Yesterday’s IfS report on government spending on higher education by subject singled out creative arts degrees because it estimated their graduates would pay back less of their student loans. The IfS rightly acknowledged some of the limitations of their approach, including:

  • the fact that how much loan is repaid is determined by many things other than the course (notably gender and prior attainment); and
  • the fact that “forecasting the future earnings of graduates thirty years ahead is an inherently speculative exercise whose results should be treated with caution”.

It’s also important to point out other reasons why government shouldn’t jump to change policy on the back of this sort of analysis.

First, as the London Economics report for GuildHE on graduate earnings data said: “For many degree level subjects, graduate earnings are a wholly inappropriate measure of economic value”. How much student loan is paid back and how much public subsidy is received often provides a misleading estimate of the economic benefits of a degree and “should not be used to determine where funding is allocated.” This is because it “does not capture any of the wider economic impacts associated with a degree that accrue indirectly to the Exchequer, businesses or society in general. For example, these spill-over effects for creative arts graduates have been estimated to more than double the direct impact of earnings alone.”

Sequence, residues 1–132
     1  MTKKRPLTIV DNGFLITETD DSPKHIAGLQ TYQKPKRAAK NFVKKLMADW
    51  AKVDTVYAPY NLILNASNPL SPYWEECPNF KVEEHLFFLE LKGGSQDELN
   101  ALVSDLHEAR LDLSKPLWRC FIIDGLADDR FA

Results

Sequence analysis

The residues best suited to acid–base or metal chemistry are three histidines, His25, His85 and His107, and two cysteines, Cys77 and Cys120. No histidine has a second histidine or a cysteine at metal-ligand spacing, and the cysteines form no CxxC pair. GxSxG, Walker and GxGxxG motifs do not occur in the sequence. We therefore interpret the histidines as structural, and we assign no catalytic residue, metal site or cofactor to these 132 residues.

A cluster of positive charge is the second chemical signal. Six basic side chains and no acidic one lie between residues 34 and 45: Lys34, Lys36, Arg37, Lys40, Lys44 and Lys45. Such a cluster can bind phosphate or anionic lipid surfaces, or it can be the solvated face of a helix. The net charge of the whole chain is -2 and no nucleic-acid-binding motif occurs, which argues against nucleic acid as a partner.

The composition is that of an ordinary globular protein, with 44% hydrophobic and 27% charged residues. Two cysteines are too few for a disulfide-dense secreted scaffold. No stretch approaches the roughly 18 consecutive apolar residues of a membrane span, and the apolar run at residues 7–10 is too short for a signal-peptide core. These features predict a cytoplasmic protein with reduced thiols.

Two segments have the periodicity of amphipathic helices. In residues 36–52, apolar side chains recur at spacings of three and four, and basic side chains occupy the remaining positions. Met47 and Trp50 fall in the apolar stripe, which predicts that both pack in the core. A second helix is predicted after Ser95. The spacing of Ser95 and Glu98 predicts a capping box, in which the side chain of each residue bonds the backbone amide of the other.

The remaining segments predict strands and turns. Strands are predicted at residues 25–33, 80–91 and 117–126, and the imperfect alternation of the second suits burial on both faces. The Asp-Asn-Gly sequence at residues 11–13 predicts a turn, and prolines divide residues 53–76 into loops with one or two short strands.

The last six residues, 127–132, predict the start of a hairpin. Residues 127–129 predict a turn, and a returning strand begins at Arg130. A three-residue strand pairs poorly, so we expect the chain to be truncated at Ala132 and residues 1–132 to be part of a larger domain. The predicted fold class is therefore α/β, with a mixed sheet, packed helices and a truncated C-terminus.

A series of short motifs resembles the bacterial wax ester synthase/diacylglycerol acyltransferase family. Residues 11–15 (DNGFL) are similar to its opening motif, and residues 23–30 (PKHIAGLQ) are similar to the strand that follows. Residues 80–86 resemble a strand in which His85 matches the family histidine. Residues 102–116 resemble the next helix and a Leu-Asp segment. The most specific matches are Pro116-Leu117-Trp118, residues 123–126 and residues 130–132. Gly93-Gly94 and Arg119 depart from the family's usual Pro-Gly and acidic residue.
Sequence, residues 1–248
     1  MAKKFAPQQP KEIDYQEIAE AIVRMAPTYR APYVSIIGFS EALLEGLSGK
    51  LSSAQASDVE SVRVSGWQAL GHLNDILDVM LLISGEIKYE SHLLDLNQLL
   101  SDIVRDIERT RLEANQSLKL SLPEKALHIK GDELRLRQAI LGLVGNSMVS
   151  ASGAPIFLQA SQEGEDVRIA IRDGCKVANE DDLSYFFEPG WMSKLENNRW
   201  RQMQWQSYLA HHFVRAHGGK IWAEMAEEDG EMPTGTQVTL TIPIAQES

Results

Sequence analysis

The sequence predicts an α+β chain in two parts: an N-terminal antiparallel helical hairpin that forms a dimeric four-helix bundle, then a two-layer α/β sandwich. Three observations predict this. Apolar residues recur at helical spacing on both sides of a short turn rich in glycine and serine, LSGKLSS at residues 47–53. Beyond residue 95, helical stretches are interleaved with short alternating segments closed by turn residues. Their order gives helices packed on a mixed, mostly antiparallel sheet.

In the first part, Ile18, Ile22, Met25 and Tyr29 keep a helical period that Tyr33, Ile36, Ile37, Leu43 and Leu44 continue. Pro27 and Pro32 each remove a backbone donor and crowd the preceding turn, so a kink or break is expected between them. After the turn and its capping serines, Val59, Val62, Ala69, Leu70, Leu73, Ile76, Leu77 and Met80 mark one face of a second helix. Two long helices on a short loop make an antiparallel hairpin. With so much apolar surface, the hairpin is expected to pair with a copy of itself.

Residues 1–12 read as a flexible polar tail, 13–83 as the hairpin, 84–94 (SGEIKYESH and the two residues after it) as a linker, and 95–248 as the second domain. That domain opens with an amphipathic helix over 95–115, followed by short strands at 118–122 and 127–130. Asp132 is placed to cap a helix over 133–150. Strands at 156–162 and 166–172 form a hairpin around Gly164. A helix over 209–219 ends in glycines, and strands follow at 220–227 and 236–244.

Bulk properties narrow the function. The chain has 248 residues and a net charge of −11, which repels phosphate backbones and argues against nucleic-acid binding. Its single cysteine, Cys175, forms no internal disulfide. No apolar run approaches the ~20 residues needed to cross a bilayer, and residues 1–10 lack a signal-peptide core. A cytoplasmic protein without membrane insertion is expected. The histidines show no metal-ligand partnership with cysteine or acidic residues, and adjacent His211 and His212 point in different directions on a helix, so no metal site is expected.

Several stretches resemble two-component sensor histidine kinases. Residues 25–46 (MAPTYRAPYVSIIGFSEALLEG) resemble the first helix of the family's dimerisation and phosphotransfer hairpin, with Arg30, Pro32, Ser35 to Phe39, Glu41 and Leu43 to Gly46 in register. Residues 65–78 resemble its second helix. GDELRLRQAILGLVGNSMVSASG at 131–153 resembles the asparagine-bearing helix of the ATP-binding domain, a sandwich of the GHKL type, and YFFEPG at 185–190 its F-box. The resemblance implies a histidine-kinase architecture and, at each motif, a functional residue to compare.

And second, forecasting the earnings of graduates thirty years into the future is, as IfS say “inherently speculative” and pretty heroically so at that. This would be true at any time but particularly so now as the world enters the fourth industrial revolution. Creative arts graduates are entrepreneurial and creative thinkers and are heading towards more future-proofed careers: 87% of creative jobs are at low or no risk of automation.

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